Saturday started bright and early as I packed the wife, kids, and dogs into the Suburban and went to pick up my friends that I'd talked into running a 5k. We left the kids at our friends' house to babysit and headed down to the Hula Hut on Lake Austin where there was already a good crowd for the festivities. I took Scout, our german shepherd, and my wife took Hunter, our golden retriever, and we headed to registration. Since I had pre-registered I had to stand in a huge line to pick up my registration packet while my wife walked right up to the late registration table, paid her fees, and went to find some shade. Scout, being a shepherd, became extremely distressed that we'd lost my wife and Hunter. He was franticly looking around for her in the crowd and kept barking and trying to find her. I never cease to be amazed at how breeding affects behavior and wonder about the implications for humans and "free will".
The morning started out cool, but sunny days in Texas don't stay that way. As the 8:45 start time came and went the temperature climbed from a comfortable 60 degrees to the mid-70s. Since ideal running temperature is 55 degrees, this wasn't good news for me. My goal was to run a sub 8:00 minute per mile pace and all of my training has been at a 7:00 minute per mile pace so I thought it was possible.
We all found a shady spot to wait for the race to start and I decided to start back in the pack since I was running with a dog and didn't want faster runners to be tripped up by us. The horn went off and my wife and I funneled into the crowd that was lazily walking to the start line in a mass of compressed humanity. As we crossed the red timing mats we heard the frantic, high pitched beeping of the timing system as it registered each of the hundreds of timing chips tied to each runner's shoe. Then I hit the play button on my mp3 player and the start buttons on my watches and took of trying to thread my way through the now running mass.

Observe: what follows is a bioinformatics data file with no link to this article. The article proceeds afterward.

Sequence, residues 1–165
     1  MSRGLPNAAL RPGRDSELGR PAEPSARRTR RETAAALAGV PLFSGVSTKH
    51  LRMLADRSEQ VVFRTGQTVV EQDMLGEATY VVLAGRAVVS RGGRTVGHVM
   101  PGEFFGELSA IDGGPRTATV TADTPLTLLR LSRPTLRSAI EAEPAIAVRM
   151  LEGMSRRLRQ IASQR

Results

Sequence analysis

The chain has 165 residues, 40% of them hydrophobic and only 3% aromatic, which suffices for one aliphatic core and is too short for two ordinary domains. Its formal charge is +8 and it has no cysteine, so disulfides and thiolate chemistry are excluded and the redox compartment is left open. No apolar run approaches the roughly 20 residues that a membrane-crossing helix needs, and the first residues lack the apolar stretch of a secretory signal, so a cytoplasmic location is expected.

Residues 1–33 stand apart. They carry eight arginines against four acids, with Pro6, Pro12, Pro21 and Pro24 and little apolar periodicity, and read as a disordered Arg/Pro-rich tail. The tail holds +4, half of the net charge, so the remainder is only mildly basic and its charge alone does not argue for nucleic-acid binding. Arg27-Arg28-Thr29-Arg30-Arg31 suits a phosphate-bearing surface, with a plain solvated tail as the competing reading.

It turns out that starting in the back was a very bad idea. The pounding beat and tortured wailing of Audioslave were an appropriate background as I ran on the rocks by the side of the road and passed the packs of slower runners ahead of me. Scout stayed right by my left knee as we weaved in and out. When I had to dodge left my knee would hit him in the right shoulder and when I zigged right he'd do his best to stay with me. Around the one mile mark I dashed past my friends who had started ahead of me but didn't have a chance to say high because I was jumping up on the sidewalk to go around a the pack of runners around them.
As I passed the one mile marker I hit my stopwatch's button and realized that a button had been hit when I bumped into someone so I had no idea for the rest of the race what my actual pace was. But I've gotten pretty good at judging my pace and I was sure I was right around eight minutes. The first mile had the worst of the hills so I picked up the pace in the second mile which was pretty flat. The heart rate monitor was reading 177 and now it moved up to 180. My interval training told me that this was ok, but I've never tried to sustain that pace over this long of a distance. Most of my longer runs are done at a heart rate of about 155, marathon pace is about 158, my lactacte thresholdl is 163, and my max heart rate is 183. So 180 is pushing it.
Mile two came and went and the race started to feel much longer than any 5k I've ever run. I was now anxiously waiting to see the three mile marker as the life started to drain from my legs and my pace started to drop. I managed to keep my heart rate at 177 and finally saw the 3 mile marker. This was the sign to put on the final kick and I crossed the line with a time of 26:09.9 which is an 8:26 minute per mile pace.
In my younger days I might have been disappointed. But I ran hard under challenging conditions and it felt great to do it. I fished some water out of the ice filled bed of a pickup truck and sat on a curb while Scout plopped down in the puddle formed by the melting ice. We both enjoyed a cool drink and then walked back up the course to meet my wife and Hunter. She walked most of the 5k even though Hunter kept urging her to run. Considering that a year ago she was recovering from foot surgery for plantar fasciitis, this was a big step for her too.
Well, sorry to bore you, but if you've never run a foot race go out and do it. For $20 you get a cool t-shirt, help out a local charity, and get to celebrate being alive by running or walking with a few hundred other folks. Times don't really matter since the reward is just getting out and doing it.